Saturday, September 25, 2021

Mashed potatoes and shallots/New to me guacamole recipe

This is a recipe from a woman whose blog I used to read and enjoy. And then she just stopped. Happily, it is still on the internet. 

I went to my blog to find the exact recipe, and I don't have it under "recipes". I did find it here and decided I'd post it so I could have it in my recipe list. 

This is Tara's blog. The last entry was in 2010. A lot of the people whose blogs I follow commented, and if any one of you knows anything about her since that time, - like a new blog somewhere? - I'd love to know.

So, back to the recipe.

Chop up shallots, as many as you need. It will depend on how many mashed potatoes you are making. 

Sauté in butter and olive oil (you choose portions of each) until well-done, even crispy.

Cook potatoes until soft, and mash with butter and salt.

Add shallots and mix in well.

Serve. Yum!

I also made guacamole from a recipe a friend gave me recently. 

Put 2 avocados through food processor. This didn't make them completely smooth, but were just right.

Chop shallots very finely and add to avocados. Squeeze half a lemon and strain juice into mixture.

That's it! And it was very good. I'm not an eater of raw onions, but this was alright. Shallots aren't as sharp a taste as onions can be. But the next time, I might try sautéing them a bit. I have no idea how it would turn out, but worth a try.

I used to post to Weekend Cooking, but I haven't been allowed to in ages.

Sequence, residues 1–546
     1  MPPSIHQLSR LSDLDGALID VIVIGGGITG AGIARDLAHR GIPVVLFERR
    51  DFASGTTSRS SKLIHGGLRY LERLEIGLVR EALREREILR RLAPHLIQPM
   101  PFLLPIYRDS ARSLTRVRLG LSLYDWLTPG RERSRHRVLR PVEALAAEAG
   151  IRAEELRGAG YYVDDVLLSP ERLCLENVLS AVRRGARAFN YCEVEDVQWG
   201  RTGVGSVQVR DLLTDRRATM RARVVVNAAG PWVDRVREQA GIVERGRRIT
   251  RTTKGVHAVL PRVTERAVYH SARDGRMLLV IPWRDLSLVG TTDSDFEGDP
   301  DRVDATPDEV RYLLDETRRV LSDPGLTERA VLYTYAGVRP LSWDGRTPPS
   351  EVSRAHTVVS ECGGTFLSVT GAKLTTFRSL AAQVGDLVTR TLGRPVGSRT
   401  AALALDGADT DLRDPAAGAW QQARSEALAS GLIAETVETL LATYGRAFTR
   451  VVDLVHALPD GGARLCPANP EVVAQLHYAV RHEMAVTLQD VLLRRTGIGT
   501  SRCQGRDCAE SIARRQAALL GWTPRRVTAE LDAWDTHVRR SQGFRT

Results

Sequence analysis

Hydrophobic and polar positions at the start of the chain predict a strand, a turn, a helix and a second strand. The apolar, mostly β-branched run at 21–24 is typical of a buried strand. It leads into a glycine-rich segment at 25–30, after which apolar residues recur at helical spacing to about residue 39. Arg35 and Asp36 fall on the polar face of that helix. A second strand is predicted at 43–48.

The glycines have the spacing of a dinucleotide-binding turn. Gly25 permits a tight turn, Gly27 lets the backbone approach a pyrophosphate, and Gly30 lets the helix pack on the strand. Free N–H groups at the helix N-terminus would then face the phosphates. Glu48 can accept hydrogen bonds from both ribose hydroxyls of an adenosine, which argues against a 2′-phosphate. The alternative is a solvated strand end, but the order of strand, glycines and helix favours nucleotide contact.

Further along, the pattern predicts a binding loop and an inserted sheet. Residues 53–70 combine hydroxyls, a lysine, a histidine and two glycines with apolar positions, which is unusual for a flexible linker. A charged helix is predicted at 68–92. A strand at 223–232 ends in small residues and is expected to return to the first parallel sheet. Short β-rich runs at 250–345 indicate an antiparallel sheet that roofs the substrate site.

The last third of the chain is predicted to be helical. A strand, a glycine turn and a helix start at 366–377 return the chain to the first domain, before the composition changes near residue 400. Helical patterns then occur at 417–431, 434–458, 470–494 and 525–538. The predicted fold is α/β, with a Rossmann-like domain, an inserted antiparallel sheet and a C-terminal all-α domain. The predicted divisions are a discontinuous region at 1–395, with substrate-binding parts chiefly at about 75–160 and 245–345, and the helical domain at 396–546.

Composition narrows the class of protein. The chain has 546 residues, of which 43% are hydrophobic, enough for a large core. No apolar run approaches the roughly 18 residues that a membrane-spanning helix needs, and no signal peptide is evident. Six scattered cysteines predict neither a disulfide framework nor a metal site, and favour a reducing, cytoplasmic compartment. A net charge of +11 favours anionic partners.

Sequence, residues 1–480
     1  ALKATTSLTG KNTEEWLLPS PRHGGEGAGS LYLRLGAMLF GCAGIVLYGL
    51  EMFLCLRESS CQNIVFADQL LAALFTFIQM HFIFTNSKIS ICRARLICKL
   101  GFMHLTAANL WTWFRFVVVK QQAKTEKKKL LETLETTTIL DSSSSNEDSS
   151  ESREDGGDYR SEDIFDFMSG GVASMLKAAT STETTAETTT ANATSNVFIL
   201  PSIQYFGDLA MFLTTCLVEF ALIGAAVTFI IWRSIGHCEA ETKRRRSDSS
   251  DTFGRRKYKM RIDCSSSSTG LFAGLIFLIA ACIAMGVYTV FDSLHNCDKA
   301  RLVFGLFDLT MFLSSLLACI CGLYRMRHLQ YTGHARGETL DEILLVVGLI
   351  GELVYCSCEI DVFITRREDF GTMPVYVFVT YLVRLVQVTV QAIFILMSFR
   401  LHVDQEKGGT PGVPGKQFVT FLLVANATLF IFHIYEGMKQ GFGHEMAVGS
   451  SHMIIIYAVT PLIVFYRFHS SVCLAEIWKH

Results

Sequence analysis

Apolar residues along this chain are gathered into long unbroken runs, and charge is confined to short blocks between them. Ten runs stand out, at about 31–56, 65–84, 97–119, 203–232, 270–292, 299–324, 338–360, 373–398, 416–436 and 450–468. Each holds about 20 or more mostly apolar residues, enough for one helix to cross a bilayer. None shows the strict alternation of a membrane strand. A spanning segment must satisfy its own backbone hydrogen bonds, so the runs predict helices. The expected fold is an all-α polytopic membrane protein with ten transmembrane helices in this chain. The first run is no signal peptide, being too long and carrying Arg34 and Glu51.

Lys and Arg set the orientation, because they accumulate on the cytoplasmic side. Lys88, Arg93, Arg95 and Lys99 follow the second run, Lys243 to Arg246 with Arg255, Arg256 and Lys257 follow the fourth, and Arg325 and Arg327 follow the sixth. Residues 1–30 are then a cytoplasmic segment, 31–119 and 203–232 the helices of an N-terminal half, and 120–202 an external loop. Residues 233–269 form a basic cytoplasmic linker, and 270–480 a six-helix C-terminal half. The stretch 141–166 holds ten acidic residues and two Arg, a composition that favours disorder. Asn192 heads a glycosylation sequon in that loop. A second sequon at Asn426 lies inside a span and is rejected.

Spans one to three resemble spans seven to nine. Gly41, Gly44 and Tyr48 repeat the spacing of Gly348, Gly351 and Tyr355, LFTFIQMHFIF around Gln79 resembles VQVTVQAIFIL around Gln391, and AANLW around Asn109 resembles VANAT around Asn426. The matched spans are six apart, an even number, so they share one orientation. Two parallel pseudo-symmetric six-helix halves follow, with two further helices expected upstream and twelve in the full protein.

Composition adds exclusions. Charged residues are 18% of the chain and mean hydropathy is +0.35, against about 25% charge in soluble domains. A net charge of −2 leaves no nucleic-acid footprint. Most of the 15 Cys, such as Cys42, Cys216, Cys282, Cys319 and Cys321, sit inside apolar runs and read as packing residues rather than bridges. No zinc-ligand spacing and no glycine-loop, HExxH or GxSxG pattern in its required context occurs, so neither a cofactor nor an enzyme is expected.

Addendum: It worked this time! 

Wednesday, September 22, 2021

Quote du jour / Philip Larkin

Today at 3:21 pm Eastern time the sun goes into Libra, beginning the autumn season.

I came across this quote today and thought it perfect for the blowsy, over-stayed-its-welcome cleome! It looks so out of place amongst all the autumnal colors around these days. Unbelievably, we haven't had a frost yet!

Autumn has caught us in our summer wear.
Philip Larkin (1922-86)

That pink just doesn't fit! 😂

Monday, September 20, 2021

Past times


I have lately been watching a program which is on Britbox - Bergerac. I'm sure all my English friends will know the series. The other evening as Jim pulled up to the gas pumps to have his car filled with gasoline, I got to thinking about what I enjoy about the older shows.

No cell phones
Airplanes with outdoor steps on and off the plane
And the thing I probably miss the most - gas stations that pumped your gas.

I will easily admit that I have never filled up my own car. I hate the smell. I didn't want any residue on my hands. I hate the crowds, with cars always lined up behind you. I wonder is it just my age or do older people pump their own gas?

Even in my children's childhoods, we went to the gas (also known here as service) station. They put gas in the tank, cleaned the windshield [they even kept bottles of washer fluid on the shelves with customers' names on them], added washer fluid when needed, checked the tire pressure and all the while chatting with John at the town gas station named for his father and another fellow who had it before him. 

John and I were light years apart politically but it didn't matter a bit. He was kind to my kids, he was a booster for all the sports teams in town, we loved the Red Sox, and I liked hearing him talk about his favorite band Credence Clearwater Revival. He was full of local stories he knew from living in this little town his whole life. 

We have lost something special in pumping our own gas, We've lost connection and personal service, and even friendship. It makes me ache with longing for such a simple thing that we all took for granted.

Saturday, September 11, 2021

Two CSAs